Exploring The Coastal, Island Paradise
of Southern Europe
BY JUSTIN FAERMAN
dubrovnik coastline, croatia. photo: glava2005
Shhh. Don’t tell anybody. Croatia, the coastal, island speckled paradise of Southern Europe is awesome and the rest of the world hasn’t exactly caught on yet. It’s cheap (compared to the rest of Europe), people are friendly, the weather is gorgeous much of the year, and it’sfantastically beautiful. Take, for example, Plitvice Lakes National Park. It’s a perfect microcosm of the country: crystal clear blue waters nestled against a lush forest backdrop. Tasteful bridges and walkways (like the historic architecture in Croatia’s cities) meander throughout the refuge connecting picturesque islands and transporting you in and out of otherworldly valleys, existentially frozen in pristine condition, untouched for thousands of years.
Plitvice is sort of the unofficial halfway point of the country. Croatia is long and narrow—almost a mirror image of neighboring Italy just across the Adriatic coast, which gives it a similar climatic variation. In the north, there is the charming, old-world capital city of Zagreb, reminiscent of other famous Central European capitals such as Vienna and Budapest. From Zagreb it’s a short drive to a handful of mellow, but fun ski resorts and cozy medieval towns that punctuate the intensely forested Croatian countryside. But ask anyone who’s spent some time in the country, and they’ll tell you it’s all about heading (and staying) in the coastal paradise of the south.crystal blue waters at plitvice lakes national park. photo: istock
The Croatian Coast: Island Hopping in the Adriatic
Croatia is blessed with it’s own little slice of heaven—one of the most gorgeous and geographically rich coastlines in all of the Mediterranean, including it’s own set of islands that give Turkey and Greece a run for their money. If you have the time and money, it’s a great place to explore by boat, which makes it easy to swing by the area’s most spectacular locales. Take, for example, the Croatian island town of Bol, featuring one of the most fascinating and unusual beaches in the world, Zlatni Rat. Jutting out into the Adriatic like a miniature peninsula, you can literally see the edge of the island plummet into the depths of the sea beneath the crystalline waters. Dotted with restaurants and cafés, it’s a popular destination for both locals and tourists alike.From there you can hop on a short ferry ride over to the beautiful, coastal Dalmatian city of Split, one of the top destinations in Croatia. Famous for it’s Romanesque architecture and legendary amounts of sunshine (boasting over 2,800 hours per year), Split certainly lives up to its reputation as the lively hub of the coastal region. The ancient city’s core is where you’ll probably spend a fair amount of your time. It’s a gorgeous, archetypal southern european coastal hamlet filled with museums and cafés and a stunning waterfront district overlooking the medieval harbor.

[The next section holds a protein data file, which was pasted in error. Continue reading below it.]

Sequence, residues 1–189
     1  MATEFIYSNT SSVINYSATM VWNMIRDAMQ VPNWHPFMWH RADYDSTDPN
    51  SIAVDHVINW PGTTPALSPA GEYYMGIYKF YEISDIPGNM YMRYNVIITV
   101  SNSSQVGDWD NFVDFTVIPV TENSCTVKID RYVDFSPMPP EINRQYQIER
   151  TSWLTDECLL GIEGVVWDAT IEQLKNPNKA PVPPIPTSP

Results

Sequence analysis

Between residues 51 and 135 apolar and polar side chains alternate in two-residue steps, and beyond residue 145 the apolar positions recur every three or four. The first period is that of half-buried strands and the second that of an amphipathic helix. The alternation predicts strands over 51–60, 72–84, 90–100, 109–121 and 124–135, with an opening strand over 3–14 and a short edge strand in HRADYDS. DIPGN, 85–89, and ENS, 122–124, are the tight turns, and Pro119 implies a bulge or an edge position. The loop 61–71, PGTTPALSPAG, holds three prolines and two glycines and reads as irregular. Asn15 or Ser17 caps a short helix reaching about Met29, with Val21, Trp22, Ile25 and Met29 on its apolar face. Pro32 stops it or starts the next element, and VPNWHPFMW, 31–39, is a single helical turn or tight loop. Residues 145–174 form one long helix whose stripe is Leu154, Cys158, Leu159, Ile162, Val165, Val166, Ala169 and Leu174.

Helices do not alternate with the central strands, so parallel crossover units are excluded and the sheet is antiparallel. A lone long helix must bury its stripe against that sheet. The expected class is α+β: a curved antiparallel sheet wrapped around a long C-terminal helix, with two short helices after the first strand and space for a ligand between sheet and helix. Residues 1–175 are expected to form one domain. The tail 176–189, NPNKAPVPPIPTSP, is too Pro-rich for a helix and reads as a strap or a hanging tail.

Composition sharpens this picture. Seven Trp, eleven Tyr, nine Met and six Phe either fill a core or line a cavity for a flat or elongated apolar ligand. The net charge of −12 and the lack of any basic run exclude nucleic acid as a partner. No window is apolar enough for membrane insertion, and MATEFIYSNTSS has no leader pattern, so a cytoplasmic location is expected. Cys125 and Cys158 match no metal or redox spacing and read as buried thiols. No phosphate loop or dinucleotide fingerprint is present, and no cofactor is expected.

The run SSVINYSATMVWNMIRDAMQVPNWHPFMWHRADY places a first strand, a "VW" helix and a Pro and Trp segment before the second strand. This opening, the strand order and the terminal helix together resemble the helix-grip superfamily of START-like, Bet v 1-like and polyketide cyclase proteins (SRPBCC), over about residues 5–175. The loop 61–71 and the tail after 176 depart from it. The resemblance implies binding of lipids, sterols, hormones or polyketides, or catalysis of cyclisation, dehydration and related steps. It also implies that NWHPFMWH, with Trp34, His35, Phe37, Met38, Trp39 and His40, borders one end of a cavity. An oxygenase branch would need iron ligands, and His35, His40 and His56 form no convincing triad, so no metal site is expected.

But it just keeps getting better the further south you go, culminating in the jewel of the Mediterranean, Dubrovnik. There’s a thousand and one reasons to fall in love with Dubrovnik. A UNESCO world heritage site, it is one of the most remarkably well-preserved ancient cities in the world and one of the most charming to boot. Wandering the city’s marble streets between red-tiled baroque buildings and the endless shimmer of the Adriatic, you could be forgiven for thinking it was all just the engulfing haze of a dream, but pinch yourself because it’s real and places like this really do exist in the world.
From Dubrovnik it’s just a hop, skip, and a jump to Montenegro, or any number of Croatian islands that radiate outward from Dubrovnik like the unspoiled oasis of Mljet, believed by some historians to be the legendary island that captured Odysseus for seven years on his home voyage to his Greek homeland in Homer’s Odyssey.
Either way you choose to spend your time there, when you leave Croatia, one thing is for sure—you’ll already be planning your next trip back.